Steeper Roof Slope or Taller Walls?

Pole Barn Guru Blog

This is a subject I have had near the top of my list for a considerable time. Along came a faithful reader – Chris – to give me a little poke to inspire me to write about it.

Chris wrote:

“I am planning on building a 40×56 pole barn and would like to use part of it as an indoor basketball court/multiuse area. What are the advantages/disadvantages to using scissor trusses to achieving more overhead clearance vs building a taller building? I was planning originally for 14′ walls with scissor trusses but would it make more sense to build with 18′ walls? I read on one of your other posts where someone wanted to remodel their existing barn, replacing standard trusses with scissor trusses. You said that it was doubtful that he could gain much headroom as the bottom chord of the scissor truss slope would not be more than 3/12. Wouldn’t the truss manufacturer have the capability to design and build a scissor truss with a greater bottom chord slope? (Or maybe you were referring specifically to his question of just remodeling vs. building new.) Thanks for your input.”

Let’s have fun with numbers.

An 18 foot eave height is going to provide an extra 48 inches of clear height everywhere in your 40 foot width building – not just the center. With a fairly typical four-in-twelve (4/12) roof slope the overall building rise from eave to peak would be 80 inches, totaling 24’8″.

To gain 48 inches, at the center of the building only, would require an interior truss slope of 2.4/12, which is probably going to increase the exterior roof slope to 6/12, making the overall rise somewhere in the area of 120 inches, with an overall building height at center of 24′ on the 14 foot eave.

Don’t get me wrong here – I have thought scissor trusses were cool back to my early days in the prefabricated metal connector plated truss industry. More reading on scissor trusses is found here: http://www.hansenpolebuildings.com/2016/10/scissors-trusses-post-frame-buildings/.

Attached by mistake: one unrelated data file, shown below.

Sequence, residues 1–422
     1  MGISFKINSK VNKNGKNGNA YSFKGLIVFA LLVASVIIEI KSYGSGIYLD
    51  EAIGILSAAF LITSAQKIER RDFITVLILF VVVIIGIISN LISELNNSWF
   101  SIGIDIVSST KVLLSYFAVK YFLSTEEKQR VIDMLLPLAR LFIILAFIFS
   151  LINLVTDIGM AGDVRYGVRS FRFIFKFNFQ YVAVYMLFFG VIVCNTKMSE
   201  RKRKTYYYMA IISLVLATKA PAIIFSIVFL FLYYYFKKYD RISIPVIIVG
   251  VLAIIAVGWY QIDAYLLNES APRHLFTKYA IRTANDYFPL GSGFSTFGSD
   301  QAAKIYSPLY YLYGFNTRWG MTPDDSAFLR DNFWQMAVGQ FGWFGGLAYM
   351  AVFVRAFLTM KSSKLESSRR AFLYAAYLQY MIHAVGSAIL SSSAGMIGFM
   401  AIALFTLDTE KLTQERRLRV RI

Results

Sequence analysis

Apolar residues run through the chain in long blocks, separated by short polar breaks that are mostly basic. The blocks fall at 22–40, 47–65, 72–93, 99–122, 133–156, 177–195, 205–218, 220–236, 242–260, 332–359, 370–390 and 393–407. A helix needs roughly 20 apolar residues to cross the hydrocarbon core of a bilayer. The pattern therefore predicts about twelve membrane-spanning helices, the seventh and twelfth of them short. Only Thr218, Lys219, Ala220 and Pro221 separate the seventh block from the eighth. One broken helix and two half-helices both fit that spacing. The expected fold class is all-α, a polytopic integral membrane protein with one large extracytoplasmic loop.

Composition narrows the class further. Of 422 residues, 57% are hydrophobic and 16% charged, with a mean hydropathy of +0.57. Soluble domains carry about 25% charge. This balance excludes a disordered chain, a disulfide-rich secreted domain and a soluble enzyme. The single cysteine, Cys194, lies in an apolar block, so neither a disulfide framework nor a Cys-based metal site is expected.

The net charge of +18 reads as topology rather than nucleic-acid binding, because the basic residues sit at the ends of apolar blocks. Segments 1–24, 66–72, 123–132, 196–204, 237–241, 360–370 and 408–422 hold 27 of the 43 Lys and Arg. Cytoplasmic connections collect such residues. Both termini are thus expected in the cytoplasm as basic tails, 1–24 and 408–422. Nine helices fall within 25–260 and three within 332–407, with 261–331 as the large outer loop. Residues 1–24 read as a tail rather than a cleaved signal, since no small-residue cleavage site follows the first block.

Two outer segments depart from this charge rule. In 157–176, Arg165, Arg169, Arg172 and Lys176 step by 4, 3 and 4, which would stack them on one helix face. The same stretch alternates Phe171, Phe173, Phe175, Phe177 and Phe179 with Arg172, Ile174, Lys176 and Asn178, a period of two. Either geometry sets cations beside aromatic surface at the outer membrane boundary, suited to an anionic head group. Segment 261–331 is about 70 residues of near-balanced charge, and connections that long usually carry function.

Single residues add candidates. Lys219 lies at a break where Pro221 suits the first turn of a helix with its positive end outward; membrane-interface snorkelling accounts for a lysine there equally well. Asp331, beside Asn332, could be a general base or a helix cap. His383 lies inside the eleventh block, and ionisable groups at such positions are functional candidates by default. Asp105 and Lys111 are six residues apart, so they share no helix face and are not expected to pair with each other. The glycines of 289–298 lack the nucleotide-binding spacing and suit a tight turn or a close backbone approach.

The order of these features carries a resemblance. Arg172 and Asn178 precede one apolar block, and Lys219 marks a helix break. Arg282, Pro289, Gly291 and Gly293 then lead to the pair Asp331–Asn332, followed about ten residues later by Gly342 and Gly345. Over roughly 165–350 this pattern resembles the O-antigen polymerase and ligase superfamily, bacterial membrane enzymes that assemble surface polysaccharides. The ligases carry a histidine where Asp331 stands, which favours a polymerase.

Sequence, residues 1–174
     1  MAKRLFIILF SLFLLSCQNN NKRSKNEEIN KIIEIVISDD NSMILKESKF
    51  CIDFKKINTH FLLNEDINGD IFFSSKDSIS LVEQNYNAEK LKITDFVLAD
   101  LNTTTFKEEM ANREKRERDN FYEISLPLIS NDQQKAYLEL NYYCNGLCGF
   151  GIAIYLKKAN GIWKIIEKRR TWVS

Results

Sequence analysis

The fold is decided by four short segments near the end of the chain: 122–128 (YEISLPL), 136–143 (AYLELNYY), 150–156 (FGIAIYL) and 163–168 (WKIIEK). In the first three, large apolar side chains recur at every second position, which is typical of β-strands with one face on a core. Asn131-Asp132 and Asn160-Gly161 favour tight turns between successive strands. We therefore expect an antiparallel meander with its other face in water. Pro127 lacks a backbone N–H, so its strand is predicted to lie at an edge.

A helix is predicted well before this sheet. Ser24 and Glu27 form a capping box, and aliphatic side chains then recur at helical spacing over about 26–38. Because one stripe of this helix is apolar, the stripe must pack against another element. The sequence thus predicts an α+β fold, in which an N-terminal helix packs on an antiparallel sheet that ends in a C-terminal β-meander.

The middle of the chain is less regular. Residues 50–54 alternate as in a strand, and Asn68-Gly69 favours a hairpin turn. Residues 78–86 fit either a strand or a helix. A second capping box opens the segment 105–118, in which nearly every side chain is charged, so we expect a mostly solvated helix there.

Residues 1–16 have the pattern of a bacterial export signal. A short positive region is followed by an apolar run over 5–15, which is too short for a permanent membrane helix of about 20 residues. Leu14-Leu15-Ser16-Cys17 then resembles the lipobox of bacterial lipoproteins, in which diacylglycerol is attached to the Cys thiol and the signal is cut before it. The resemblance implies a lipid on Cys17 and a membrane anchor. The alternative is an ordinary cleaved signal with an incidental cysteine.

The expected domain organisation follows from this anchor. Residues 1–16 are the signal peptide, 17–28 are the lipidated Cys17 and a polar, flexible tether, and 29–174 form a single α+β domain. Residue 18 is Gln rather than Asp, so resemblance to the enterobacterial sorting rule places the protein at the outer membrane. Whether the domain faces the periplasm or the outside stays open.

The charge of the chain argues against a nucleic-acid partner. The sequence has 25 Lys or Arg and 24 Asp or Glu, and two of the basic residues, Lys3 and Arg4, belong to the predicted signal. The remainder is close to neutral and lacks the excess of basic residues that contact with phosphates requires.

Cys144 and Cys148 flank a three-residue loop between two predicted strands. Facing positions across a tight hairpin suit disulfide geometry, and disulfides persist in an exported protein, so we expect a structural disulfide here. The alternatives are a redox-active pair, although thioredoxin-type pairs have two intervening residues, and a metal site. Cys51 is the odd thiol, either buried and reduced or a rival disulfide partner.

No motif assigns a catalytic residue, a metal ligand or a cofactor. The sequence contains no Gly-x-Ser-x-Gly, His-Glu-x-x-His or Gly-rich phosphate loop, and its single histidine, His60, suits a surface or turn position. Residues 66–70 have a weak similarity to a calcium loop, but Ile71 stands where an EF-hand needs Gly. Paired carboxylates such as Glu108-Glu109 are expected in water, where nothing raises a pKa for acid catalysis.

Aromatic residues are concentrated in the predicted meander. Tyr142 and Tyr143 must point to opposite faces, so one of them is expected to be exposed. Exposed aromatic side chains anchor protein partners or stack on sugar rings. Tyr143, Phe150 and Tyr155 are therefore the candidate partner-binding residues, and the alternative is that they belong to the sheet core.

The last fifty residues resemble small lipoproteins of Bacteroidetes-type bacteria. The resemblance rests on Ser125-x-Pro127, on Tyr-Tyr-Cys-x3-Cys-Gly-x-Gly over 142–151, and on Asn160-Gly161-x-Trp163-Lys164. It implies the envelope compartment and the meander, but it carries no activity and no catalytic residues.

The 18 foot eave height affords so much more usable interior space, is probably the same price or less, easier and safer to build plus the added bonus of having far greater value for resale. I truly am seeing no disadvantage here.

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2 thoughts on “Steeper Roof Slope or Taller Walls?

  1. Dan Rozman

    Having purchased scissor trusses for my 24×36 from Hansen I read your argument for taller walls. My decision to use scissor trusses to gain interior height (I have a 10-12 roof with 5-12 bottom chord scissors) was based almost entirely on the fact that visually I didn’t want walls greater than 10 feet since my building sits next to my house in a residential neighborhood. Visually, to me, the building simply looks less “industrial” with shorter walls. To each his own, but I’ve been very happy with my choice of scissors.
    Dan

    Reply
    1. admin Post author

      Dan ~ I have 4/12 interior slope scissor trusses on one of my own post frame buildings, so I am right there with you. In my case I did it for the look I was wanting to achieve (my building has a finished drywalled ceiling) and the difference in price was not the dictate. WHen you get a chance, please forward a few photos of your building, as I would love to see how it turned out.

      BTW – I still think your Building Department Plans Examiner was pretty surprised to see me turn up in his office during your permit process!

      Reply

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